# Understanding execution of sequence of pipeline instructions

I need help in understanding the solution from solution manual. The question is from the exercise 4.22.2 of chapter 4 in the book Computer Organization and Design by Patterson and Hannessey (4th edition). The question is about branching in instruction pipeline.

The question
We assume that the following MIPS code is executed on a pipelined processor with a 5-stage pipeline, full forwarding, and a predict-taken branch predictor. Consider the instruction sequence:
Label1: LW R2,0(R2)
BEQ R2,R0,Label ; Taken once, then not taken
OR R2,R2,R3
SW R2,0(R5)
Draw the pipeline execution diagram for this code, assuming there are delay slots and that branches execute in the EX stage.

The solution given is as follows:

The solution

Doubts

• Why there is a stall (highlighted ***) in cycle 7 for LW (4th executed instruction)? I understand that LW reads R2 which is modified by OR ( executed in delay slot after BEQ, before LW). But OR reads it in cycle 6 in the EX stage. So LW should be able to execute EX stage in cycle 7 (since full forwarding is allowed). But why its not shown like that?
• Also notice that in cycle (column) 4, for BEQ instruction (2nd instruction), their is a stall (i.e. ***). This is because BEQ reads R2 which is loaded by LW (1 st instruction) in its MEM stage. So BEQ has to wait till LW's MEM completes. However the same situation occurs in instructions 4 and 5. But in this case BEQ (5th instruction) is allowed to execute its EX stage in the same cycle as LW's (3rd instruction's) MEM stage. Shouldn't BEQ (5th instruction) be stalled again to make it wait till LW's (4th instruction's) MEW completes?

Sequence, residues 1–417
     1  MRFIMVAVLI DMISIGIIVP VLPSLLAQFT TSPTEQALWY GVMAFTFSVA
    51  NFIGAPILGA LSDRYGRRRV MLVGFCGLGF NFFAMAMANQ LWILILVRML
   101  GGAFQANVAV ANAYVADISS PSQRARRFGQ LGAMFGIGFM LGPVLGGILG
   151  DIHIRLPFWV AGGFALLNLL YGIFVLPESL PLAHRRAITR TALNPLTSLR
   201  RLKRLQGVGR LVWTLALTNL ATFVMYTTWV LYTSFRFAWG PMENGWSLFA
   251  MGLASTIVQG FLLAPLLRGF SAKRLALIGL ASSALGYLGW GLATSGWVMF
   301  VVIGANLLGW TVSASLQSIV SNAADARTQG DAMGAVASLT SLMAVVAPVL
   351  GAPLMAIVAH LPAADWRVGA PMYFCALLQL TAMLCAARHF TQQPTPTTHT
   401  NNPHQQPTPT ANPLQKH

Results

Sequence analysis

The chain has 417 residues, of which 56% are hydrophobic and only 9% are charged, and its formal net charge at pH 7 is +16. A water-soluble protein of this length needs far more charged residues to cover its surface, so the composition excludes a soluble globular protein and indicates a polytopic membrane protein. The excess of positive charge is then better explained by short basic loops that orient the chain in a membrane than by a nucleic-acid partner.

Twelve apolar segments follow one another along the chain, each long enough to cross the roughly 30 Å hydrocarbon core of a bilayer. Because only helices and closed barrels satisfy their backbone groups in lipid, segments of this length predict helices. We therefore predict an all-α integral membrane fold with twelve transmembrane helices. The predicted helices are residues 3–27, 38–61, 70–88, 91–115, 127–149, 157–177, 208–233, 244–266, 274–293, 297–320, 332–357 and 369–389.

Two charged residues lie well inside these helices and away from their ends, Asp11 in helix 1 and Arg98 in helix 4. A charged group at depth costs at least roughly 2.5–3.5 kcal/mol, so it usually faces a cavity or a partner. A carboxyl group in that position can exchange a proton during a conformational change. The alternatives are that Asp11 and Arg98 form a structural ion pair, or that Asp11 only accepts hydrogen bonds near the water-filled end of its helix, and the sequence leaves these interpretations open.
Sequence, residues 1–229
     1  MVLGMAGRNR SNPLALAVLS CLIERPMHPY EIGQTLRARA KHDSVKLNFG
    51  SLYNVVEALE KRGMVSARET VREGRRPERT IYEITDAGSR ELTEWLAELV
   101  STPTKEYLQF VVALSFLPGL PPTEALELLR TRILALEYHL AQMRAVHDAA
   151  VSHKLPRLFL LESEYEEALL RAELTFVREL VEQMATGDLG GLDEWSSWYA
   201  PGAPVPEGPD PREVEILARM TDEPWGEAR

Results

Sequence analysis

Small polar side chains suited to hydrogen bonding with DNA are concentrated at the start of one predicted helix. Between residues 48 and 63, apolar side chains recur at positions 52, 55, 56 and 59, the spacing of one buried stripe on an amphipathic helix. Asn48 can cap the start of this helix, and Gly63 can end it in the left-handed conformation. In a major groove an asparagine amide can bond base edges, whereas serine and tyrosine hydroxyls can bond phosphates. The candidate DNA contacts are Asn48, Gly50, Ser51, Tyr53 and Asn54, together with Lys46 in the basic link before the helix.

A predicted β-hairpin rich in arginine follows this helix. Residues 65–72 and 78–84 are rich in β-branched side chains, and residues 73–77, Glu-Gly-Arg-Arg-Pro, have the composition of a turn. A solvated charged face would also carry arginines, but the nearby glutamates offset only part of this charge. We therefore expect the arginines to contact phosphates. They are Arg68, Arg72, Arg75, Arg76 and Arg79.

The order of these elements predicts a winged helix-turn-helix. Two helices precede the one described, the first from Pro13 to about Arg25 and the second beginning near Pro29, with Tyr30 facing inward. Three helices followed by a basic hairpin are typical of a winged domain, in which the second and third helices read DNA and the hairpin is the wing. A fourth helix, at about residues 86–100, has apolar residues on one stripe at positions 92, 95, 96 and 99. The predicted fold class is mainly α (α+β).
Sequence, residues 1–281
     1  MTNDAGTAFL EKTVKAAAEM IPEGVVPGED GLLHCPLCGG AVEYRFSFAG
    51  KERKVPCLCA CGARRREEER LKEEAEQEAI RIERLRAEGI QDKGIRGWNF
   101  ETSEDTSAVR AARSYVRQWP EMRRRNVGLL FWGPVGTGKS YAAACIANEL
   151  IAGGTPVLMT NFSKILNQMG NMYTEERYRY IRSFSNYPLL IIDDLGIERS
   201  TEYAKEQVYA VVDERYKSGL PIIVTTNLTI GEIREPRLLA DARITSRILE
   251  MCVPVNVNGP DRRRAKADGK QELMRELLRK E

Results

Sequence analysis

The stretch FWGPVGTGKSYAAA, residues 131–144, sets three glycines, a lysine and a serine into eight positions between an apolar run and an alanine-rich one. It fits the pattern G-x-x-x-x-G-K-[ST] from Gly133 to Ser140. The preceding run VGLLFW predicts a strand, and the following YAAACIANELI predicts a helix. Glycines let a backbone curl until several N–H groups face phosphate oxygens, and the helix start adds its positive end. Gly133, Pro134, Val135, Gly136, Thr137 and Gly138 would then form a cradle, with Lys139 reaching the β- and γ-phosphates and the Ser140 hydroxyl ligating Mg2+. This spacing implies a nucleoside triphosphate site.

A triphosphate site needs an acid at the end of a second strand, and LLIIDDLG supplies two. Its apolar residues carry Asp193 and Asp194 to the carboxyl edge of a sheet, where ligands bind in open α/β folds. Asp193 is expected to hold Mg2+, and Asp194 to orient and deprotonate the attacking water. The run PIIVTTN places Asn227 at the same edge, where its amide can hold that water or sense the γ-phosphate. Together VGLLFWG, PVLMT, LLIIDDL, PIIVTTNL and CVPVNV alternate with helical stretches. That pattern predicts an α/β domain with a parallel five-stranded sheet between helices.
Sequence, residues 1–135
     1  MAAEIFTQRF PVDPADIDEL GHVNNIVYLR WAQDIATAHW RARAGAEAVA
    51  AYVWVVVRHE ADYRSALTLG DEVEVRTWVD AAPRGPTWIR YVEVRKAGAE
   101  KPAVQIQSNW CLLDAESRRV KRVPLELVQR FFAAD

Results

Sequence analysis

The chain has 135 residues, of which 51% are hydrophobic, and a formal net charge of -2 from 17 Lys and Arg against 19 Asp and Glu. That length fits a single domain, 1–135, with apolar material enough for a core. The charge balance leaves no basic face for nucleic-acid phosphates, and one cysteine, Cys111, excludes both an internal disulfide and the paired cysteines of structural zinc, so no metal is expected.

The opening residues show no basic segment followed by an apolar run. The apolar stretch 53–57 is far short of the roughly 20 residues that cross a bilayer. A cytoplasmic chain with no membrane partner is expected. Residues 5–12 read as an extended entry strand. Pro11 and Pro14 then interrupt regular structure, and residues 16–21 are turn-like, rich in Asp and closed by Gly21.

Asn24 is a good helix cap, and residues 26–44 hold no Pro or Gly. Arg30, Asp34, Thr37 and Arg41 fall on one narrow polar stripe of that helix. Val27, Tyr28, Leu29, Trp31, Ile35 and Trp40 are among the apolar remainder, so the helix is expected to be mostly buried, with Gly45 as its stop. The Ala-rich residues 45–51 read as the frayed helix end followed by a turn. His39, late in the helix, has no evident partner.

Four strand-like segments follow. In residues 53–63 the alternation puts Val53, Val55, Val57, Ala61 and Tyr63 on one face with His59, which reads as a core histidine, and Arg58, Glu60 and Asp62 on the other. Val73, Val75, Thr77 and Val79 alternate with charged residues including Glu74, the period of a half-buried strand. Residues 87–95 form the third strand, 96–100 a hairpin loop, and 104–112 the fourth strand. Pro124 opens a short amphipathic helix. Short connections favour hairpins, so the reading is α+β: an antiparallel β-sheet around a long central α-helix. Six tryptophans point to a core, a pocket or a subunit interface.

• Also I noticed, there are two 4th stages. In some instructions, 4th stage is labeled MEM (for example 1st instruction LW, 4th cycle) and in some instructions, its labeled MEB (for example 2nd instruction LW, 6th cycle). What are the differences between MEM and MEB? I searched whole book, but their is no mention of MEB, only in solution manual, its specified. Or may be I might have missed some pages.

• I found that many (almost all) solutions have two states MEM and MEB, so I dont really think this can be a typo, giving how good this book is and how many times this has repeated in the solutions. The author must really meant something out of that, but he failed to detail it. However I do once found one typo in the other solution. And nope am not having professor to ask this. I am doing job and learning this independently for an engineering entrance exam. – anir123 Jul 7 '17 at 13:14